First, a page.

Jessica Oros is a second-year undergraduate student at the University of Chicago majoring in Biological Sciences, originally from the suburbs of Chicago. She is passionate about microbiology, as she is part of an UChicago virology laboratory and a student organization using synthetic biology to address concerns such as sustainable energy and plastic pollution. Despite her focus on biology, she values being exposed to different fields and learning about other topics by taking courses in the liberal arts. Through a course on the history of social science, she developed an interest in the role of African American women in sociology in the early 1900s. After learning that notable African American sociologist George E. Haynes was married to Elizabeth Ross Haynes, whose research in sociology was largely overshadowed by her husband’s work, Jessica wanted to learn more about her the ideas and work of Elizabeth Ross Haynes.
Featured Image: Elizabeth Ross Haynes on the stoop of 411 Convent Avenue. Photos courtesy of Bruce D. Haynes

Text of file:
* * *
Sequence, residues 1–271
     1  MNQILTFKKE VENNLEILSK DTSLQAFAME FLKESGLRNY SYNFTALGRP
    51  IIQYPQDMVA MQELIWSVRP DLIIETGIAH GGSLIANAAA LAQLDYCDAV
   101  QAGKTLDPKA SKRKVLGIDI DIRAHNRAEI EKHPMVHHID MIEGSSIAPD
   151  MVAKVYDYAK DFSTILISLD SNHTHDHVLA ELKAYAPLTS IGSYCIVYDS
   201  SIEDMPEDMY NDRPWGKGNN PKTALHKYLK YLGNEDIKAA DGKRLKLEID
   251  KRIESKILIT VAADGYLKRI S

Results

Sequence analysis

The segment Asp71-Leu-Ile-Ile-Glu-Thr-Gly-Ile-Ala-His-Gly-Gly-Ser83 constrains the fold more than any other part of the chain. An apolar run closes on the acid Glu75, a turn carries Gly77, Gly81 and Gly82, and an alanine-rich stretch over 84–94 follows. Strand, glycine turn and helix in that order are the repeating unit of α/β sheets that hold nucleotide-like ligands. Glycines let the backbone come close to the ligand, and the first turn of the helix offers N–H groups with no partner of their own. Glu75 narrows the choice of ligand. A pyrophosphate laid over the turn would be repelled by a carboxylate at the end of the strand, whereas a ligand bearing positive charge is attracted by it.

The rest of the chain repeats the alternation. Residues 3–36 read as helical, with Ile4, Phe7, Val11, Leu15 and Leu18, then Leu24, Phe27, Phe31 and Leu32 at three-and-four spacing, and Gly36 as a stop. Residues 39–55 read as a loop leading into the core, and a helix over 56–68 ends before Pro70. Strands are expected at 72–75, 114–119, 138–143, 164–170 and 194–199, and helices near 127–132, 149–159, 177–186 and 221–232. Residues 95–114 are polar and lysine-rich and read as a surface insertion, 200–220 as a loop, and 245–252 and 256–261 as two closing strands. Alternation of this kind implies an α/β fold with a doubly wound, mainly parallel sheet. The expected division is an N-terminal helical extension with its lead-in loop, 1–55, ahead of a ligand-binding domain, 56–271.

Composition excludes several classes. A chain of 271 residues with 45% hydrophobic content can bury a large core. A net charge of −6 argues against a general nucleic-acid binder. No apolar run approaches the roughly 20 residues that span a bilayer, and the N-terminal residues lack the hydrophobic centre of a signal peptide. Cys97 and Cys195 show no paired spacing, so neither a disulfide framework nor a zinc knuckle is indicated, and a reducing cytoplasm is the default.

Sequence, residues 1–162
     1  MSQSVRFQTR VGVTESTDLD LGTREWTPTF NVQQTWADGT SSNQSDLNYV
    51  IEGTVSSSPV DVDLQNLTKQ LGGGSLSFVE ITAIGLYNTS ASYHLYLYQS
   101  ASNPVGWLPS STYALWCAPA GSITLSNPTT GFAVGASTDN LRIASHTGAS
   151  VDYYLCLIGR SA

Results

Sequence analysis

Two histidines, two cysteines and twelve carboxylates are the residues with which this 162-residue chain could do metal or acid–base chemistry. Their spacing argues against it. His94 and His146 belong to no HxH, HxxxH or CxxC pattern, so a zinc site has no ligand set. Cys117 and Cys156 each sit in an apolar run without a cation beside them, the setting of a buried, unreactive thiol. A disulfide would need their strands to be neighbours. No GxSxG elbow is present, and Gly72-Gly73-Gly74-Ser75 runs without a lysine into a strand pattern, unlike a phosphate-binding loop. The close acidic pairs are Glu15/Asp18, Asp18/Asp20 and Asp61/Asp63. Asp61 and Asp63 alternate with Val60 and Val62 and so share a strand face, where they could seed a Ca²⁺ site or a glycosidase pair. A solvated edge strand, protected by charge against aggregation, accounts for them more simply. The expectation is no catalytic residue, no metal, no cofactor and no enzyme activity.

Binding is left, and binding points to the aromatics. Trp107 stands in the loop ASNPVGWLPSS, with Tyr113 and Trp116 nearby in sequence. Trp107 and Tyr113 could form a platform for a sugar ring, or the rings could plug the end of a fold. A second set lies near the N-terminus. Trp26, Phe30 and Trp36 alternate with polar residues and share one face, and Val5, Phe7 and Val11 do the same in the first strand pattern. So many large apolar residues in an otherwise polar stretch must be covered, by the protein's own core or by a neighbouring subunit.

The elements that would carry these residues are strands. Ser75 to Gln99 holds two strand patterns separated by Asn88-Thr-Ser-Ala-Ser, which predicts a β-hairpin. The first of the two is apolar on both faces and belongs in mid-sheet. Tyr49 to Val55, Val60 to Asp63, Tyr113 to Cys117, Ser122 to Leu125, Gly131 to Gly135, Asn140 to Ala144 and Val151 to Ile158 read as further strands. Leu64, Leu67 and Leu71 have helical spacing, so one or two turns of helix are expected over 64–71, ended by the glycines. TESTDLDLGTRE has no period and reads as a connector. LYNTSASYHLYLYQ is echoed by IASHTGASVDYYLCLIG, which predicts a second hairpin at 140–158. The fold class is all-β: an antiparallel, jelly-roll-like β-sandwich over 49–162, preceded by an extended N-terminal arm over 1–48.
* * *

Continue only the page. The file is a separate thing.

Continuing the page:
[i] Information about Haynes’s early life and education is from: Carlton-LaNey, Iris. “Elizabeth Ross Haynes: An African American Reformer of Womanist Consciousness, 1908—1940.” Social Work, vol. 42, no. 6, 1997, pp. 573–583. JSTOR, www.jstor.org/stable/23717264. Accessed 8 Nov. 2020.
[ii] Peebles-Wilkins, W. (2013, June 11). Haynes, Elizabeth Ross. Retrieved November 24, 2020, from https://oxfordre.com/socialwork/view/10.1093/acrefore/9780199975839.001.0001/acrefore-9780199975839-e-710
[iii] Ross, E. (1909, March 31). Special worker report to the YWCA. New York: Archives of the National Board of the YWCA
[iv] Staff Picks: The “Division of Negro Economics,” 1918-1921. (2018, February 21). Retrieved November 24, 2020, from https://fraser.stlouisfed.org/blog/2018/02/the-division-of-negro-economics-1918-1921/
[v] Haynes, Elizabeth Ross. Two Million Negro Women at Work. 1922. Women and Social Movements in the United States,1600-2000 Database. Web.
[vi] Haynes, E. R. (1923). Negroes in domestic service in the United States. Journal of Negro History, 8, 384–442
[vii] DuBois, William Edward Burghardt. The Philadelphia Negro: a Social Study. University of Pennsylvania Press, 1899.